Jeff Mariotte

2022 in the Rear-view. What a Year!

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My first professional fiction sale was in 1988–a short story sold to a prestigious science fiction anthology called Full Spectrum. My first novel–Gen13: Netherwar, written with Christopher Golden, came out in 1999. Since then I’ve written dozens of books, sometimes at a pace of 4 a year and maybe hitting 5 in some years.

But 2022 threw all my old records out the window.

Although I began an 18-month stretch of constant writing in late 2021 (after finishing the longest novel of my career, Blood and Gold: The Legend of Joaquin Murrieta), the books I was writing then didn’t start coming out until 2022.

First came the Cody Cavanaugh trilogy of traditional(ish) Western novels from Wolfpack Publishing. I say “traditional(ish)” because although they’re action-oriented shoot-em-ups, Cody and his world are like no Western hero and setting I’ve seen before. Cody spent more than a decade trying to deliver a fortune in stolen Confederate gold to Eleanor Bishop, a woman he had never met, to honor a promise to a dead friend. Having survived the Civil War, once he arrived in the mountain town of Pedregosa, Arizona Territory, he set about trying to end a war between ranching and mining interests. A prominent ranch in the region is the Empress Ranch, owned by Eleanor Bishop and run as a sanctuary for women who need a safe place. Those women, in turn, do all the ranch chores traditionally done by men. Cody eventually becomes the town’s first librarian, which leads him into yet more trouble. The books have been praised by readers with reviews like “Great action, some very emotional areas, great characters, and a beautifully written storyline;” “a rip-roaring western yarn that somehow manages to leave out the racism and misogyny;” and “We are on book three of the Cody Cavanaugh Series, and boy, have they all been rip roarers!! Cody just can’t stay away from trouble, and he can’t walk away when he finds it.”

Three books

Somewhere in there, I found time to write a novella about one of the most famous fictional characters of all time: Tarzan of the Apes. Tarzan and the Forest of Stone brought the jungle lord to Arizona for the first time, while fitting neatly into the continuity established by Edgar Rice Burroughs. Reviews were wildly enthusiastic. A few examples: “It’s a fast moving adventure set in a unique location for Tarzan, early 20th Arizona. It works beautifully, drawing on the ‘lost civilization’ vibe ERB loved so much. It’s fun for anyone who likes a fast moving thriller and a special treat for a Tarzan fan;” “In Tarzan and the Forest of Stone, Mariotte proves himself to be every bit as worthy of following in Burroughs’ footsteps as such previous Greystoke scribes as Fritz Leiber, Philip José Farmer and Win Scott Eckert. Mariotte’s Tarzan is the Real Deal – the Lord of the Jungle as first imagined by his creator, as opposed to certain depictions by lesser writers that have attempted to recast the character as ‘Batman of the Apes;’ and “Suffice it to say that, with Mariotte, the jungle lord is in extremely good hands and I, for one, look forward to the possibility of future Tarzan adventures by this talented author.”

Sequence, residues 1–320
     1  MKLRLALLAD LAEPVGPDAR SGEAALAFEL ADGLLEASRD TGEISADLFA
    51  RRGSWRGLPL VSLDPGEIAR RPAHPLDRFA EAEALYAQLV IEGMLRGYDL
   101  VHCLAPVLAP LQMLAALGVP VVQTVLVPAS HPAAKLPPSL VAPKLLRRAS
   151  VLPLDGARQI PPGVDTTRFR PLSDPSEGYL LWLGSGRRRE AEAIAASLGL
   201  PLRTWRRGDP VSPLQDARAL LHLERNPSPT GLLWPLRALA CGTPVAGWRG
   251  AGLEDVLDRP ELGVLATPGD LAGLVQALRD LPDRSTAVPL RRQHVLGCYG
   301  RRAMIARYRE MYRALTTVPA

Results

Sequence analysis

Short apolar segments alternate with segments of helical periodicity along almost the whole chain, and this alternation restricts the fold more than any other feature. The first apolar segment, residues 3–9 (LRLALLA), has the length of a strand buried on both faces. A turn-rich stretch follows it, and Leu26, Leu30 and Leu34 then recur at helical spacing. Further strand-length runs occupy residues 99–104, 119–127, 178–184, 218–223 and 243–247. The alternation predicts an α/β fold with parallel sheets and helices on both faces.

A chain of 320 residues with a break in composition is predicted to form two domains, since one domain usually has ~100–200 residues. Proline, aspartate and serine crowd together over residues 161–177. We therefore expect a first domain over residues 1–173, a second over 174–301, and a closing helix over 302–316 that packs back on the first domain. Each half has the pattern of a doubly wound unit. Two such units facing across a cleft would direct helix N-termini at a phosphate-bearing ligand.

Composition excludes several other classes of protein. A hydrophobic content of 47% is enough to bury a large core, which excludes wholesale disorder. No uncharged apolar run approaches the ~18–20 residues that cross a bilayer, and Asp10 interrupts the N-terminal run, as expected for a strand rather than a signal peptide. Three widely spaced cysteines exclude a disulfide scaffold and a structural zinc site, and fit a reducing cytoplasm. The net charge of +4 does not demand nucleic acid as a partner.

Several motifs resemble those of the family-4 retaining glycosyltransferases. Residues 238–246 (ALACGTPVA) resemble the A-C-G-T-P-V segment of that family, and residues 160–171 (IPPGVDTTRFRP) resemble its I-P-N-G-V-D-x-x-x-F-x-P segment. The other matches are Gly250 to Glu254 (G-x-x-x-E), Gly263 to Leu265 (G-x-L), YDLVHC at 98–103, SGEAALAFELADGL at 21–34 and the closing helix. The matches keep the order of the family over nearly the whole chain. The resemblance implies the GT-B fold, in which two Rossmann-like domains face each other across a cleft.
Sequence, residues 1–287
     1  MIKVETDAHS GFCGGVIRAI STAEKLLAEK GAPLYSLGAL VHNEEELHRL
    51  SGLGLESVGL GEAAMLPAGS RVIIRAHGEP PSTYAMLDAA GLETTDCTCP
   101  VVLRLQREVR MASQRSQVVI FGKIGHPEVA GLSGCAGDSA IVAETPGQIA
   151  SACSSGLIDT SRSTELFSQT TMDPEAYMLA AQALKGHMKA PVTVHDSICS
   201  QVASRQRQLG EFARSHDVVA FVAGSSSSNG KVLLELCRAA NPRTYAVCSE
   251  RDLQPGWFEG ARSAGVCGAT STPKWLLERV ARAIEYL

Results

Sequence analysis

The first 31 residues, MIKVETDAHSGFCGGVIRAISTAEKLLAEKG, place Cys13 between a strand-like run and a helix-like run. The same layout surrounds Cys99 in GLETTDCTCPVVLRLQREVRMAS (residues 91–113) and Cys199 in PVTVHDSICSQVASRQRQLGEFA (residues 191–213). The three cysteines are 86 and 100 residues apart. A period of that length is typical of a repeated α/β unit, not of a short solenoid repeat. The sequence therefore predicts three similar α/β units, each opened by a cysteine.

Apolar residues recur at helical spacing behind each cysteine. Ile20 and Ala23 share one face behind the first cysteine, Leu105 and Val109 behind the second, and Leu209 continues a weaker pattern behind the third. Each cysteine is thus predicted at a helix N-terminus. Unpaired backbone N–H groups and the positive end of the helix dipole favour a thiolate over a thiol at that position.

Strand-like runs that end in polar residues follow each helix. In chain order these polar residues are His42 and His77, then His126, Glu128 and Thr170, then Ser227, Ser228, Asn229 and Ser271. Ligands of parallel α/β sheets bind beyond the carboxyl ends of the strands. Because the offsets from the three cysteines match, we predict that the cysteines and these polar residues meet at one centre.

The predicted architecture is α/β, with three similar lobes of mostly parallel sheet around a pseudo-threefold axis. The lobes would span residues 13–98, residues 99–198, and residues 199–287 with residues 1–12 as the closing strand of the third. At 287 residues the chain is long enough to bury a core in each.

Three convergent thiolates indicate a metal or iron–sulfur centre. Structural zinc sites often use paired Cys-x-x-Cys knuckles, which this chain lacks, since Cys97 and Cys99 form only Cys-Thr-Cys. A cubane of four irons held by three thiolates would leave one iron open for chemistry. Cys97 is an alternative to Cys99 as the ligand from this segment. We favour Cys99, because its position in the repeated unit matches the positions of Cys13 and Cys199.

Book cover

After that came the Major Crimes Squad: Phoenix procedural thriller trilogy. I described these in my pitch as “Longmire meets The Shield on the cactus-studded mean streets of Phoenix, Arizona,” and that remains my vision of these books. The squad, under the command of Detective Russ Temple, deals with the highest-profile crimes in the city (of which there are plenty), dirty cops, white supremacist terrorists, and more. Reviews for these included lines like “This is a real gem – a story that’s modern, written by an author that achieves a wonderful sense of character and setting (and it’s a nice thing to be in Phoenix, an uncommon mystery setting);” and “the story feeds on currently events and attitudes organically, giving it a “ripped from the headlines” relevance.”

So that’s six full-length novels and one novella released in one year. In the midst of that, I also managed to write some short stories, one of which, the Western story “The Strongbox,” has already been published in the anthology Over Western Trails. Another Western story, “The Coward of Coffeyville,” should be along early next year. And I started work on some comics projects, for the first time in several years, about which you’ll be hearing more about in 2023.

Marsheila (Marcy) Rockwell had a busy year as well. Her Marvel novel, Sisters of Sorcery, came out and has been receiving rave reviews from all quarters. She’s working on a new one now. She had some short fiction and poetry published, and won the coveted Rhysling Award for long-form poetry from the Science Fiction Poetry Association.

We did some actual book events for the first time since 2019, including the Tucson Festival of Books and the Tucson Comic-Con. We adopted Clio. Blood and Gold: The Legend of Joaquin Murrieta came out on audio from Realm, performed by Emmy-nominated actor Richard Cabral. We read a bunch of books, took a family trip to Sedona, AZ, got our kids to and through school, and kept the house from falling down. I worked my day job, fixed our oven, and, oh, yeah, worked out details of a new publishing effort for next year. It’ll be a busy one, too–but not one in which I’ll have seven books published. I promise.


Thanks, as always, for buying and reading books! Our books in particular, but any books count. I hope you’ll have a joyful 2023.

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2 thoughts on “2022 in the Rear-view. What a Year!

  1. Wow, Jeff! I’m exhausted from reading what you’ve been doing! Keep up the good work. I have one book to finish reading before I start reading Tarzan and the Forest of Stone. I’m looking forward to a great story!

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